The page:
No longer. After initial disappointment when I thought from Meta’s documentation that the glasses could only be paired with a device running the Meta View app, thanks to a Reddit comment, I realized I could make the perfect gadget combo for unencumbered-yet-full-featured runs. If you long-press the pairing button on the case with the glasses in them, they’ll go into pairing mode and you can connect additional devices for audio. You’ve never seen someone make a new Bluetooth connection so fast! And connecting it to my Apple Watch didn’t lose the original connection with my phone running the Meta View app.

I took it for a brief test run — literally — and I’m here to tell you that the hype I’m expressing here is real. Getting my Apple Watch to be the music source (rather than my phone) and broadcast to the glasses took a little fiddling in the Bluetooth menu, but after getting the music started, it was sublime. The audio quality is great, certainly as good as any of my other running-capable headphones. And yet nothing is blocking my ears from the sounds around me, meaning I can hear and be aware of traffic or other people around me. No sneak attacks coming my way! I didn’t worry about earbuds slipping out of my ears. I didn’t have a phone bouncing around in my pocket. The glasses, despite having a whole computer inside them, weren’t so heavy that they would slide down my nose. They were just sunglasses! I took a video of my dog padding alongside me on our darkening road without missing a beat.

This is the real deal.


Now, I know that many of you out there will disregard these glasses simply because they’re made by Meta, the artist formerly known as Facebook. You probably didn’t even make it this far into the article if your distrust or dislike of Meta runs that hot. But if you did make it this far, know that I absolutely understand where you’re coming from. I, myself, ditched Facebook a few years ago.

But what I’ll say is that you can, as far as I can tell, lock down the mandatory Meta View app to a surprising degree if you want to distance your data as far as possible from Meta’s servers. You do need a Meta account, but it doesn’t have to be linked to an existing Instagram or Facebook account to be useful. You can choose to never have your images and videos get sent to Meta’s servers. If you use their AI features, those voice prompts do get sent to Meta since the AI model does not run on the glasses themselves. If you turn on their multimodal AI features, like the new Look at this and [insert request about the image]” thing, those images also get sent to Meta, while you’re personal captures continue to transfer directly between the glasses and the connected View app.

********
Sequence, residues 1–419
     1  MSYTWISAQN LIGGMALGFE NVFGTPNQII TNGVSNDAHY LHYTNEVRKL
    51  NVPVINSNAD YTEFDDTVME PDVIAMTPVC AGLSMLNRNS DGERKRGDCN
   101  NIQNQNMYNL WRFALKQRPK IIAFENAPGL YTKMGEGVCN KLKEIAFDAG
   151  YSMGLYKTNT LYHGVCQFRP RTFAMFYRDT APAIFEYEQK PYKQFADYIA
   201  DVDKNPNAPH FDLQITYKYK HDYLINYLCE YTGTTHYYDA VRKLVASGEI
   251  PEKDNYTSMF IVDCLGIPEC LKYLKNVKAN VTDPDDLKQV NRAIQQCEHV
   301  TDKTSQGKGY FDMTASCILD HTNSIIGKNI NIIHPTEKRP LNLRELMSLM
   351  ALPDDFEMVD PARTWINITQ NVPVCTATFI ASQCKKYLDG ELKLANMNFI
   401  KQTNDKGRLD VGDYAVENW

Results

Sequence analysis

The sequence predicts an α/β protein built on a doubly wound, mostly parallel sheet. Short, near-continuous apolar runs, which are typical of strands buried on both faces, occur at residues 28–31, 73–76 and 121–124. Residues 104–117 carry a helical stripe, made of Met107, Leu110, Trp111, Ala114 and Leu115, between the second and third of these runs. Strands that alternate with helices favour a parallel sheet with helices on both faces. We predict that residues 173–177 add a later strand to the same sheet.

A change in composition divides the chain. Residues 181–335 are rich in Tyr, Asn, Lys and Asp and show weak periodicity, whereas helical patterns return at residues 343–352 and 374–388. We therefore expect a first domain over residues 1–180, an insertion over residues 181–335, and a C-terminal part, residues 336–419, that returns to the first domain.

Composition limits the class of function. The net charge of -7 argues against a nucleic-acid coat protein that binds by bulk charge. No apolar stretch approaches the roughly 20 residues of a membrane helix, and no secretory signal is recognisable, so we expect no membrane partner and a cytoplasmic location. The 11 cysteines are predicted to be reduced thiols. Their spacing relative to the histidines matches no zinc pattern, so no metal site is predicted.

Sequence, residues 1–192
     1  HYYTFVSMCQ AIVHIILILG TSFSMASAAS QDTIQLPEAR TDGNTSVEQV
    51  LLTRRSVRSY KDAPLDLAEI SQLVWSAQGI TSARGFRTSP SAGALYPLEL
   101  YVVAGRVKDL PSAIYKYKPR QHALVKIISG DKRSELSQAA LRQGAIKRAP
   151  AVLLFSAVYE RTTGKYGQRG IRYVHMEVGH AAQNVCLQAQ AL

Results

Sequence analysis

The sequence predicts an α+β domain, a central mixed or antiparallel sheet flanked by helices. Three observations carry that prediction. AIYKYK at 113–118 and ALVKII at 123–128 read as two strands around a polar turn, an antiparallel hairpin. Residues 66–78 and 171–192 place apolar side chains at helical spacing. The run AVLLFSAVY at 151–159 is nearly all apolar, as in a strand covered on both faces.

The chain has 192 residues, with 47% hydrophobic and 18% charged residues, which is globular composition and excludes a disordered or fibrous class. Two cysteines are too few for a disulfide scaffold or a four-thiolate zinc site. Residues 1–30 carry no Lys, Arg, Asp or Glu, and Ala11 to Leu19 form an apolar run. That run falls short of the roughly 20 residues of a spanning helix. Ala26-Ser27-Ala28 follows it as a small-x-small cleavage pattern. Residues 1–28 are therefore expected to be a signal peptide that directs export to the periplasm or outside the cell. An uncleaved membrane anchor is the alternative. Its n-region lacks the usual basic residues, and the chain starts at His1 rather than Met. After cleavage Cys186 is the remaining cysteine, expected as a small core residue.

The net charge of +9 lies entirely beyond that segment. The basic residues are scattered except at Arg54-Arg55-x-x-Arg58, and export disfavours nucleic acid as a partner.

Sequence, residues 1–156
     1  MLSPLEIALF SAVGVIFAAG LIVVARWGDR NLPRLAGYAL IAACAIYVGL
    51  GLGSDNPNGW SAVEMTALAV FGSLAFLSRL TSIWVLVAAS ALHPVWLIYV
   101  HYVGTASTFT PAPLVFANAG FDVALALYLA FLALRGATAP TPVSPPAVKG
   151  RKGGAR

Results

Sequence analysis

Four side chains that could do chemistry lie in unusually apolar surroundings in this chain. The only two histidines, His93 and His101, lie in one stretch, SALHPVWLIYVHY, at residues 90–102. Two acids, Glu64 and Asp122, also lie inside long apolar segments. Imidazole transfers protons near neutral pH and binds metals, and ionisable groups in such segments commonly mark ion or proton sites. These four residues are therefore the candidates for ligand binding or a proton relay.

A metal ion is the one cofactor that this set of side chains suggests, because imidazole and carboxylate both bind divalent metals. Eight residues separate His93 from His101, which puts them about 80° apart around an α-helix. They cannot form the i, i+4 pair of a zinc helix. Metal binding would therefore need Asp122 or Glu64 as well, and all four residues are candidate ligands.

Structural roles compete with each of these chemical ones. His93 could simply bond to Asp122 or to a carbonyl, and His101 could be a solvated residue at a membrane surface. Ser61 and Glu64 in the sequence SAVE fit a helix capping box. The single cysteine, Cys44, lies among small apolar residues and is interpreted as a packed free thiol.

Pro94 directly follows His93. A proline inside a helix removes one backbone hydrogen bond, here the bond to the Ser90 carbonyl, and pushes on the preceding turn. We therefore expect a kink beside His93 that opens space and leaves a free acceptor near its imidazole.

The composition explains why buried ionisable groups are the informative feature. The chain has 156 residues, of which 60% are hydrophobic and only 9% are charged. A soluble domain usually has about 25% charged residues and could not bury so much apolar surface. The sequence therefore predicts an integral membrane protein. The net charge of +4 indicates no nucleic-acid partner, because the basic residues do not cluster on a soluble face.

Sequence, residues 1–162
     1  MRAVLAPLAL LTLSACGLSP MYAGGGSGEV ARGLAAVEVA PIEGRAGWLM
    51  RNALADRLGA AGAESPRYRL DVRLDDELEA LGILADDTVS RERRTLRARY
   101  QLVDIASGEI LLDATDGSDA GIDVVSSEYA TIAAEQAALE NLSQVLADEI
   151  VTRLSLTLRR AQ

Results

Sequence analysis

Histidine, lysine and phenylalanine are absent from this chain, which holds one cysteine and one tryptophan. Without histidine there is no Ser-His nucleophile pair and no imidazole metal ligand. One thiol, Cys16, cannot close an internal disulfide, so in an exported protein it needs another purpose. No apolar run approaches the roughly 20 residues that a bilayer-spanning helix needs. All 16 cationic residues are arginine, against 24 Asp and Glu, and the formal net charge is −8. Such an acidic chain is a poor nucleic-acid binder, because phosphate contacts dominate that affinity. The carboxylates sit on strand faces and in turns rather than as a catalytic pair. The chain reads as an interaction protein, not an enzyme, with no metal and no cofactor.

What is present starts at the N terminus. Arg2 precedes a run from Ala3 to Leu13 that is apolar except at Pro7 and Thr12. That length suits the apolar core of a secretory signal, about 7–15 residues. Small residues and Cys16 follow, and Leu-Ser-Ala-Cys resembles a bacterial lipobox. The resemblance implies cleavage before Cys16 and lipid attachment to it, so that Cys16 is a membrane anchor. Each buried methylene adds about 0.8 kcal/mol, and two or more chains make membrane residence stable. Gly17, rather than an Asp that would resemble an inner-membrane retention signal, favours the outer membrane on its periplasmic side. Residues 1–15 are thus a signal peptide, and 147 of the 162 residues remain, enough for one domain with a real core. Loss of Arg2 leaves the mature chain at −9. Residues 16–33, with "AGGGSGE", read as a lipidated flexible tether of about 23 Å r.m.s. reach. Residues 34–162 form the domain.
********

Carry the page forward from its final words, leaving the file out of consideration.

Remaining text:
Meta has made improvements over the years with the kinds and extent of permissions users have around their data, and I think it’s worth noting. And if you use Instagram or Threads, I think you’re already sending way more data their way than you would just by using the glasses as a connected camera and headphones.

But concerns regarding these being Meta Ray-Bans are valid, and it’s something you’ll have to accept if you want to use them. Just pay attention when setting them up, and I think you’ll be happy with just how private you can make the glasses. I was.

Some small shortcomings

I might have just four feature requests left for a future pair of smart glasses:

  1. Water resistance. The more I wear these on outdoor adventures, the more I worry about their delicate electronics getting wet.